In multicellular organisms, cells must be responsive to the immediate environment as well as to systemic cues of the physiological state to maintain cellular homeostasis and ensure a healthy life. This is achieved through the ability of cells to sense extracellular (e.g. growth factors, hormones, cytokines, neurotransmitters) and intracellular (e.g. metabolites, energy, redox) factors. The ability to sense, integrate and adequately respond to all these signals is crucial for cells to thrive. Thus, cells have developed, through evolution, signaling networks that sense all these factors and transduce the information to allow cells to reprogram and meet the demands from the environment. These highly plastic and tightly regulated signaling systems are essential in maintaining a healthy and rapidly responsive cellular state. Consequently, deregulation of these systems is also at the core of many diseases including cancer, immune disorders, metabolic diseases, neurodegeneration and many others.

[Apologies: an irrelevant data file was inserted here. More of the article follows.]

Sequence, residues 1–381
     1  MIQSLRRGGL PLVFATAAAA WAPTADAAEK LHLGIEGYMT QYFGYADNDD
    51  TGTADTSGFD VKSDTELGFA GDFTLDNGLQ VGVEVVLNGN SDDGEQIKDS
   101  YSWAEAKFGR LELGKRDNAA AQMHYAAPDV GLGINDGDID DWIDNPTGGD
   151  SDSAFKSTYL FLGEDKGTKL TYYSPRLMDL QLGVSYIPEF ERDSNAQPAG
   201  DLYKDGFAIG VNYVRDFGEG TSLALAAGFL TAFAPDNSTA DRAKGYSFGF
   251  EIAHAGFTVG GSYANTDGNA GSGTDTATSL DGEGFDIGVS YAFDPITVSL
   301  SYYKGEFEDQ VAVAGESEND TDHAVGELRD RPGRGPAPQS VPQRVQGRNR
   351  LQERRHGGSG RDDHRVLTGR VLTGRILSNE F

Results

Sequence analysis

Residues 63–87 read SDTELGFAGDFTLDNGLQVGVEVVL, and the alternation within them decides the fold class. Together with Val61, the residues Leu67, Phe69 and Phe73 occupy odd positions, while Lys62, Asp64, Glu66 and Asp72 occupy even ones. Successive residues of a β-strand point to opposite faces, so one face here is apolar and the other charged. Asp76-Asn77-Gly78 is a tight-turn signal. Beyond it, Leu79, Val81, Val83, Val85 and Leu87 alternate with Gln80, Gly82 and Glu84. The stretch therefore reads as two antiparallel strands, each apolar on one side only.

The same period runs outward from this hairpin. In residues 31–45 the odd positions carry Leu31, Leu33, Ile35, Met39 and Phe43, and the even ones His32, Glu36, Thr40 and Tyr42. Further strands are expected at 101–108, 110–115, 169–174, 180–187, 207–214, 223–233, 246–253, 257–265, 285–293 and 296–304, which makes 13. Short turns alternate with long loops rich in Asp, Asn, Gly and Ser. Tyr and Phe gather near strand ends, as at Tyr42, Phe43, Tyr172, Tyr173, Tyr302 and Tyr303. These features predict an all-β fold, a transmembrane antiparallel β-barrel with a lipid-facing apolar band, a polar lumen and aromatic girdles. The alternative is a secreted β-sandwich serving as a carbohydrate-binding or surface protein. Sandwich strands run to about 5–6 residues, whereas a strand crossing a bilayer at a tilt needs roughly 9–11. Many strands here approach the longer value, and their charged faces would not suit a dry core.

From the beginning, the overall focus of the Blenis lab has been to understand how oncogenes, growth factors, GTPases and tumor promoting phorbol esters regulate cell fate of normal cells and when improperly regulated, how they contribute to carcinogenesis through the Ras/ERK-MAPK/RSK and PI3K/mTOR/S6K pathways. The foundation for these studies began with the discovery that Ras mediated signaling from tyrosine kinases and phorbol esters to Raf, ERK and RSK, and that active ERK and RSK subsequently translocated into the nucleus.  These discoveries provided the foundation for how cells signal from the cell surface to the nucleus to regulate gene expression. Concurrently, the lab discovered that the natural product rapamycin, when bound to its cellular receptor FKBP12, blocked activation of S6K but not ERK and RSK, by every agonist tested via another major signaling pathway downstream of PI3-kinase. These findings laid the foundation for how mitogens regulate mTORC1/S6K1 signaling.  Our  lab continues to define how these core signaling pathways are regulated and how they signal to promote the cellular reprogramming required to maintain homeostasis and their role in disease.  Our discoveries and approaches have required us to diversify the contexts in which we ask these questions and therefore we work on model systems ranging from cancer cell lines, primary cell cultures, organoids and mouse models. We hope that a better understanding of the mechanisms of regulation and the consequences of perturbing these signaling cascades in different contexts will allows us to find new and improved therapeutic targets for the leading causes of death in the developed world, such as cancer.